Tzur Mishelo

One of the most popular Shabbat zemirot is certainly the song "Tzur Mishelo", whose authorship is attributed to Rabbi Avraham ben Ezra though this theory is far from certain. Unlike most of the other Shabbat zemirot, Tzur Mishelo does not even mention Shabbat. Rather, it is a tribute to the Birkat Hamazon. It is also one of the most beloved of the Shabbat zemirot as it is found in virtually every siddur and embraced in every ethnic tradition.

It is noted that Tzur Mishelo only corresponds to three out of the four blessings of the Birkat Hamazon. This has led some scholars to suggest that it was written before the fourth blessing was added to the Birkat Hamazon, making it a much older zemer than we commonly assume. The fourth blessing, known as the "hatov v'hameitiv", was added to the Birkat Hamazon following the Bar Kochba revolt in appreciation of the fact that the bodies of the fighters of Beitar did not decompose and were finally brought to proper burial. Some individuals have the practice to recite Tzur Mishelo at Yom Tov meals, as well[1] and some do so even at weekday meals,[2] though there are authorities who believe that Tzur Mishelo should not be recited on weekdays.[3] In order for one not to appear inconsistent with the words one recites, some authorities maintain that Tzur Mishelo should only be recited by one who has eaten both bread and wine in the current meal.[4]

The four stanzas of Tzur Mishelo correspond to the first three blessings of the Birkat Hamazon. The first stanza which thanks God for our nourishment and having eaten from His bread closely resembles the first blessing of the Birkat Hamazon. The second stanza mentions the gift of Eretz Yisrael, as is the theme of the second blessing of the Birkat Hamazon. The third stanza mentions the kingdom of King David, as is the theme of the third blessing of Birkat Hamazon. Finally, the fourth stanza mentions the rebuilding of Jerusalem which corresponds to the theme of the third blessing of the Birkat Hamazon. Tzur Mishelo also includes the words "Harachaman hanikdash yitbarach veyitaleh al kos yayin malei", The Merciful One who is sanctified may He be blessed and exalted over a full cup of wine, which recalls the custom of reciting the Birkat Hamazon over a cup of wine. It is also taught that the refrain of "Tzur mishelo achalnu barchu emunai…" corresponds to the introductory zimun of Birkat Hamazon.

It is interesting to note that there are a small number of authorities who actually oppose the practice of singing Tzur Mishelo at meals. This is based on the concern that the similarities between Tzur Mishelo and Birkat Hamazon might actually render the recitation of Birkat Hamazon superfluous, or worse, in vain. Indeed, although our sages instituted a very specific structure and formula for the recitation of Birkat Hamazon, one can theoretically discharge one's obligation of Birkat Hamazon with any form of thanks to God for the food one has eaten. As such, one who recited Tzur Mishelo during the meal, especially if it was towards the end of the meal, might have disqualified oneself from the ability to recite Birkat Hamazon.[5]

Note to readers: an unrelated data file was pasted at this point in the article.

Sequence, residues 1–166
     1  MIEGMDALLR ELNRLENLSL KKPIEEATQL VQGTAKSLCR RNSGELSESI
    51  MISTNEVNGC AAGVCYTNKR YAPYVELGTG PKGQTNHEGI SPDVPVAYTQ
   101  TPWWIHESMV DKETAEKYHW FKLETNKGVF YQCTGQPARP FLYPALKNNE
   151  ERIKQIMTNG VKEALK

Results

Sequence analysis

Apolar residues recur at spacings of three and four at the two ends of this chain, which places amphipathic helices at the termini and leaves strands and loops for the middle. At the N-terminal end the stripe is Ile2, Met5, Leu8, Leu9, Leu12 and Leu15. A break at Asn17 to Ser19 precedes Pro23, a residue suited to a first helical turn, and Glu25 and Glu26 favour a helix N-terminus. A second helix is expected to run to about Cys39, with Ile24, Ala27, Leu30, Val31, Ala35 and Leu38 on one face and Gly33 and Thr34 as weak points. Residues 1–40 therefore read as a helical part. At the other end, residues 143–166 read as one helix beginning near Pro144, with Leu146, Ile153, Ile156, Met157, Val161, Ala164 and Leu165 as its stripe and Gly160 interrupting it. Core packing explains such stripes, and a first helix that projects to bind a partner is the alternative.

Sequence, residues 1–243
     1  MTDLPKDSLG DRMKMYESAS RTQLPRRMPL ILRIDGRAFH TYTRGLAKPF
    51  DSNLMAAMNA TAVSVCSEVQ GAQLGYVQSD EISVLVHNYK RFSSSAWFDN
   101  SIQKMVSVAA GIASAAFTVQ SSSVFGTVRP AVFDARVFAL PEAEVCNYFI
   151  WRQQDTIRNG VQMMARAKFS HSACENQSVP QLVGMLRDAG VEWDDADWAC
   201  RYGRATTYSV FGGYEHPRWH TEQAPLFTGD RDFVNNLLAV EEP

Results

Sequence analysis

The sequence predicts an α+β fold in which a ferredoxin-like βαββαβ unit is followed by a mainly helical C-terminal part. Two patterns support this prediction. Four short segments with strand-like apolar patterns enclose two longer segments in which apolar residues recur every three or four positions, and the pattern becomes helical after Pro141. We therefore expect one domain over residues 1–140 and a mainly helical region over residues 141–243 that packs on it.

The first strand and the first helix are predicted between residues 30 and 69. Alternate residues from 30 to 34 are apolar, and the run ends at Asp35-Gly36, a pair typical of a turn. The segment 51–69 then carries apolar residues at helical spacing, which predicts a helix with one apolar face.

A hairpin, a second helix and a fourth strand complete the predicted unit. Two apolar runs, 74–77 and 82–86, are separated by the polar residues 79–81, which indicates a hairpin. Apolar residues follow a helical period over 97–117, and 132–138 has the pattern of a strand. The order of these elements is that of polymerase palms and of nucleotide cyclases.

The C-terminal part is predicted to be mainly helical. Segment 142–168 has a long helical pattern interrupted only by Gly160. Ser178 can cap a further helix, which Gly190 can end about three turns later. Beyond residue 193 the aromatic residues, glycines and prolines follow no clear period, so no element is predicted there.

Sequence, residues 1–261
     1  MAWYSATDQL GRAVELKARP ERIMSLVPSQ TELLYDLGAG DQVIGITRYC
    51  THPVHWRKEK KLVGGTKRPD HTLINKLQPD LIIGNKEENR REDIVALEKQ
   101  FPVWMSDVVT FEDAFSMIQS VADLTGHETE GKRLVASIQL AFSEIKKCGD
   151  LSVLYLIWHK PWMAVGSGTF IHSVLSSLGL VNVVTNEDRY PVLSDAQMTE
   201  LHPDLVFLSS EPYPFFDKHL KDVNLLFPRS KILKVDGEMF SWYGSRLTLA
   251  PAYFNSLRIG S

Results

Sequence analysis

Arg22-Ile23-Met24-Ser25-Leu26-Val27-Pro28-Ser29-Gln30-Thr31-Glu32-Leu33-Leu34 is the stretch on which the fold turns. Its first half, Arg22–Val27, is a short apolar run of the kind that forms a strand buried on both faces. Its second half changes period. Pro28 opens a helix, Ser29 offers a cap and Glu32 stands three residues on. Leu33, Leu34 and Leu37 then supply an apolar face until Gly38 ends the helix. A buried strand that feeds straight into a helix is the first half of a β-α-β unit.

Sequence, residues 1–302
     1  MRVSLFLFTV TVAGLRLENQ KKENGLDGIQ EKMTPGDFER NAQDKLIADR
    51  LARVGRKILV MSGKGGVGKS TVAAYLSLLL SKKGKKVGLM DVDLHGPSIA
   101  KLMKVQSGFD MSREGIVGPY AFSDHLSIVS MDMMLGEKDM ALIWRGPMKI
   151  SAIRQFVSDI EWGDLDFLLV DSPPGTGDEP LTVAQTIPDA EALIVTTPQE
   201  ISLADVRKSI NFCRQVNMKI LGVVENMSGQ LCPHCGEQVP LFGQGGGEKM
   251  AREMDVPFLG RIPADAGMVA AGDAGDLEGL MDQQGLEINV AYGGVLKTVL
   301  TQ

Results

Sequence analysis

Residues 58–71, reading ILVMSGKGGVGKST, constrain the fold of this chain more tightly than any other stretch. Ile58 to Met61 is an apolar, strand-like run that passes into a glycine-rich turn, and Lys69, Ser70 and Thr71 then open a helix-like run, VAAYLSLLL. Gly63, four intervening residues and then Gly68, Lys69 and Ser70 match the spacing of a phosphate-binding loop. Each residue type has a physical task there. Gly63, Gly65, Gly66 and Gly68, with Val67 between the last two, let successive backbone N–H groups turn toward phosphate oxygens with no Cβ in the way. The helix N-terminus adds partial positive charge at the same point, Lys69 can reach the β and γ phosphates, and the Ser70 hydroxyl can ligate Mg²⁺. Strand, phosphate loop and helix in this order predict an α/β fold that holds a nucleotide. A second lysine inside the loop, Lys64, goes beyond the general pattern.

Nevertheless, common custom is not like this view and it is virtually universal practice to sing Tzur Mishelo at Shabbat meals as almost all halachic authorities dismiss the concerns raised above.[6] It is argued that since one has no intention of discharging one's obligation to recite Birkat Hamazon with the singing of Tzur Mishelo, then it does not have the ability to do so. It is also noted that Tzur Mishelo is not worded in the common "baruch atah…" format which is required by rabbinic law in order to fulfill the mitzva of Birkat Hamazon. Furthermore, Tzur Mishelo contains no reference to the mitzva of brit mila or Torah study, both of which must be mentioned in the course of Birkat Hamazon in order to fully discharge the mitzva.

Another reason offered why there is no concern that Tzur Mishelo might invalidate the Birkat Hamazon is because Tzur Mishelo contains no mention of Shabbat. One who fails to mention Shabbat in the course of the Birkat Hamazon at the Shabbat meals does not fulfill the mitzva of Birkat Hamazon according to all opinions. In fact, one who recited Birkat Hamazon but did not include the special Shabbat insertion, retzei, is required to repeat the entire Birkat Hamazon. However, this is only true at the first two Shabbat meals.[7] One who omits retzei in the Birkat Hamazon of Seudat Shlishit, the third Shabbat meal, need not repeat the Birkat Hamazon. As such, there are those who suggest not reciting Tzur Mishelo specifically at Seudat Shlishit for this reason.[8]

It is reported that Rabbi Yaakov Yisrael Kanievsky would be sure to eat additional bread after singing Tzur Mishelo in order to demonstrate that the song did not represent his Birkat Hamazon in any way. Those who would like to conduct themselves stringently and satisfy all opinions should consider singing Tzur Mishelo only after having recited the Birkat Hamazon.[9]

[1] Nitei Gavriel, Hilchot Yom Tov 34:14.

[2] Zecher Yehuda p.174.

[3] Rivevot V'yovlot 126:7.

[4] Rivevot Ephraim 223:10; Orchot Rabbeinu 115.

[5] Vayivarech David 1:36; Keter Rosh 94.

[6] Nishmat Shabbat 2:188.

[7] Kovetz Beit Aharon V'yisrael vol. 47, 49.

[8] Rabbi Yoel Goldman, cited in Kovetz Beit Aharon 49.

[9] Chessed Ometz 607.